|Year : 2013 | Volume
| Issue : 4 | Page : 12-17
A brief history of corneal transplantation: From ancient to modern
Alexandra X Crawford, Dipika V Patel, Charles NJ McGhee
Department of Ophthalmology, New Zealand National Eye Centre, Faculty of Medical and Health Sciences, University of Auckland, Auckland, NewZealand
|Date of Web Publication||30-Nov-2013|
Charles NJ McGhee
Department of Ophthalmology, Private Bag 92019, University of Auckland, Auckland
Source of Support: None, Conflict of Interest: None
| Abstract|| |
This review highlights many of the fundamental concepts and events in the development of corneal transplantation - from ancient times to modern. Tales of eye, limb, and even heart transplantation appear in ancient and medieval texts; however, in the scientific sense, the original concepts of corneal surgery date back to the Greek physician Galen (130-200 AD). Although proposals to provide improved corneal clarity by surgical interventions, including keratoprostheses, were better developed by the 17 th and 18 th centuries, true scientific and surgical experimentation in this field did not begin until the 19 th century. Indeed, the success of contemporary corneal transplantation is largely the result of a culmination of pivotal ideas, experimentation, and perseverance by inspired individuals over the last 200 years. Franz Reisinger initiated experimental animal corneal transplantation in 1818, coining the term "keratoplasty". Subsequently, Wilhelmus Thorne created the term corneal transplant and 3 years later Samuel Bigger, 1837, reported successful corneal transplantation in a gazelle. The first recorded therapeutic corneal xenograft on a human was reported shortly thereafter in 1838-unsurprisingly this was unsuccessful. Further progress in corneal transplantation was significantly hindered by limited understanding of antiseptic principles, anesthesiology, surgical technique, and immunology. There ensued an extremely prolonged period of debate and experimentation upon the utility of animal compared to human tissue, and lamellar versus penetrating keratoplasty. Indeed, the first successful human corneal transplant was not performed by Eduard Zirm until 1905. Since that first successful corneal transplant, innumerable ophthalmologists have contributed to the development and refinement of corneal transplantation aided by the development of surgical microscopes, refined suture materials, the development of eye banks, and the introduction of corticosteroids. Recent developments, including the replacement of selected corneal layers rather than full-thickness keratoplasty, have the potential to improve or transform corneal transplant surgery in the future.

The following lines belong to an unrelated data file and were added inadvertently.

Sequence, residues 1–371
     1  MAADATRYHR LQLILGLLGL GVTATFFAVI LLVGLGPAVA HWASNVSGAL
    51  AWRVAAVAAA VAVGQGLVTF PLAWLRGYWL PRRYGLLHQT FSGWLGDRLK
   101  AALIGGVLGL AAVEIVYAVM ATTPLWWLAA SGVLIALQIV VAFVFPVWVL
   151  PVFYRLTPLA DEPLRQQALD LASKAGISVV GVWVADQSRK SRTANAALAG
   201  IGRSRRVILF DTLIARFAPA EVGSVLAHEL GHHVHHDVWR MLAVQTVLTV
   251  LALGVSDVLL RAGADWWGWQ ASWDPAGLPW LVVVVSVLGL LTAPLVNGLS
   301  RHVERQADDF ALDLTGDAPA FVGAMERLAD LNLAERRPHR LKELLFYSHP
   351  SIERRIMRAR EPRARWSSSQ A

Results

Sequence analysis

Keywords: Cornea, history, keratoplasty, transplantation
|How to cite this article:|
Crawford AX, Patel DV, McGhee CN. A brief history of corneal transplantation: From ancient to modern. Oman J Ophthalmol 2013;6, Suppl S1:12-7
|How to cite this URL:|
Crawford AX, Patel DV, McGhee CN. A brief history of corneal transplantation: From ancient to modern. Oman J Ophthalmol [serial online] 2013 [cited 2020 Sep 21];6, Suppl S1:12-7. Available from: http://www.ojoonline.org/text.asp?2013/6/4/12/122289
| Introduction|| |